Thank you, Christian Mauder!

Thank you, Christian Mauder, for joining us as guest blog editor in October. In case you missed Prof. Mauder's essays on legal culture at the late Mamlūk court, here they are: Legal Diversity at the Late Mamlūk Court Studying Law in the Mamlūk Barracks Enjoying the Law: Legal Riddling at the Mamlūk Court A Sultan … Continue reading Thank you, Christian Mauder!

A Sultan Becomes Caliph: Legal Knowledge and Late Mamlūk Political Thought

By Christian Mauder This is part four in a series of four posts on legal culture at the late Mamlūk court. The governing elite of what is known as the Mamlūk Sultanate is often depicted as decidedly uninterested in notions of Islamic political thought and good governance. Robert Irwin sums up this traditional view of … Continue reading A Sultan Becomes Caliph: Legal Knowledge and Late Mamlūk Political Thought

Enjoying the Law: Legal Riddling at the Mamlūk Court

By Christian Mauder This is part three in a series of four posts on legal culture at the late Mamlūk court. As the rulers of a vast realm in which Islam was the dominant religion, many members of the military elite of the Mamlūk Sultanate (1250–1517) seem to have considered knowledge about Islamic legal norms … Continue reading Enjoying the Law: Legal Riddling at the Mamlūk Court

Studying Islamic Law in the Mamlūk Barracks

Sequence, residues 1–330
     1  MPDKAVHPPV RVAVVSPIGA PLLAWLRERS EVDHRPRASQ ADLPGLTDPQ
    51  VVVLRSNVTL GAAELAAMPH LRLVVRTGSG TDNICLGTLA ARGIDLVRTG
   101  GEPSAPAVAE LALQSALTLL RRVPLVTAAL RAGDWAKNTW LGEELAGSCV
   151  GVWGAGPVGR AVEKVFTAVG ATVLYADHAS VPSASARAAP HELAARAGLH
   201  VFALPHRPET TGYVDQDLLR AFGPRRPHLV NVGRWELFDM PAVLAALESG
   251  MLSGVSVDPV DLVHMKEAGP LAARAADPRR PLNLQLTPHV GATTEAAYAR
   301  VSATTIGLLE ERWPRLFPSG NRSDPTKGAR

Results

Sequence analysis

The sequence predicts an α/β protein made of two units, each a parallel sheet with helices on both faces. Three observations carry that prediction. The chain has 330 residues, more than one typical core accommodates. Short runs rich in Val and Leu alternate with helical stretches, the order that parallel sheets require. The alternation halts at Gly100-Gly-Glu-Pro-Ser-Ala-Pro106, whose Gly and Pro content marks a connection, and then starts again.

By Christian Mauder This is part two in a series of four posts on legal culture at the late Mamlūk court. As former slave soldiers (mamlūks) of non-Muslim origin, many members of the military elite of the Mamlūk Sultanate did not acquire a natural familiarity with Islamic legal norms in their childhood and youth. Many … Continue reading Studying Islamic Law in the Mamlūk Barracks

Legal Diversity at the Late Mamlūk Court

By Christian Mauder This is part one in a series of four posts on legal culture at the late Mamlūk court. Many students of Islamic history are fascinated by the unusual polity that ruled Egypt, Syria, and neighboring regions from about 1250 to 1517 CE. This political entity was dominated by a small elite group … Continue reading Legal Diversity at the Late Mamlūk Court

Welcome to our October Guest Blogger: Christian Mauder

Christian Mauder is Associate Professor in the Study of Religions with Specialization in Islam at the University of Bergen. His research focuses on the intellectual, religious, and social history of the Islamic world during the late middle and early modern periods. His recently published second monograph In the Sultan’s Salon: Learning, Religion and Rulership at … Continue reading Welcome to our October Guest Blogger: Christian Mauder